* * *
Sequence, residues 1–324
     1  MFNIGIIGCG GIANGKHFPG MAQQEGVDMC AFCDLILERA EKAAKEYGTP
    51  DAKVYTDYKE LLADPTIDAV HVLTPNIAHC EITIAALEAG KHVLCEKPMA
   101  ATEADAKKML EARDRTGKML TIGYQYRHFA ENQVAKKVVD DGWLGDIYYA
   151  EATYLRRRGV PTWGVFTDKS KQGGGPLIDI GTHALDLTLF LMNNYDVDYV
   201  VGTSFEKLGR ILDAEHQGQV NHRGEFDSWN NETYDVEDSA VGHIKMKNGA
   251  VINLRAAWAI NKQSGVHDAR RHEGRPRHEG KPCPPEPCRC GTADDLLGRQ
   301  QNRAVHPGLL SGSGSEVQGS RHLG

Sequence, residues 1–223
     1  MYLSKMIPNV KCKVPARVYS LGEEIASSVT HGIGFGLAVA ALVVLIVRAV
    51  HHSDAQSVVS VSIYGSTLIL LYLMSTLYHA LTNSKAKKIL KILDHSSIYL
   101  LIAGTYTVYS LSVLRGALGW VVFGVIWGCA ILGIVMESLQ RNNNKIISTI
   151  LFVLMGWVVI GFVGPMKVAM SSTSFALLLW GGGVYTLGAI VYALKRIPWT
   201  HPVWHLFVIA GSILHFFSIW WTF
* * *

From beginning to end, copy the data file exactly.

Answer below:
Sequence, residues 1–324
     1  MFNIGIIGCG GIANGKHFPG MAQQEGVDMC AFCDLILERA EKAAKEYGTP
    51  DAKVYTDYKE LLADPTIDAV HVLTPNIAHC EITIAALEAG KHVLCEKPMA
   101  ATEADAKKML EARDRTGKML TIGYQYRHFA ENQVAKKVVD DGWLGDIYYA
   151  EATYLRRRGV PTWGVFTDKS KQGGGPLIDI GTHALDLTLF LMNNYDVDYV
   201  VGTSFEKLGR ILDAEHQGQV NHRGEFDSWN NETYDVEDSA VGHIKMKNGA
   251  VINLRAAWAI NKQSGVHDAR RHEGRPRHEG KPCPPEPCRC GTADDLLGRQ
   301  QNRAVHPGLL SGSGSEVQGS RHLG

Sequence, residues 1–223
     1  MYLSKMIPNV KCKVPARVYS LGEEIASSVT HGIGFGLAVA ALVVLIVRAV
    51  HHSDAQSVVS VSIYGSTLIL LYLMSTLYHA LTNSKAKKIL KILDHSSIYL
   101  LIAGTYTVYS LSVLRGALGW VVFGVIWGCA ILGIVMESLQ RNNNKIISTI
   151  LFVLMGWVVI GFVGPMKVAM SSTSFALLLW GGGVYTLGAI VYALKRIPWT
   201  HPVWHLFVIA GSILHFFSIW WTF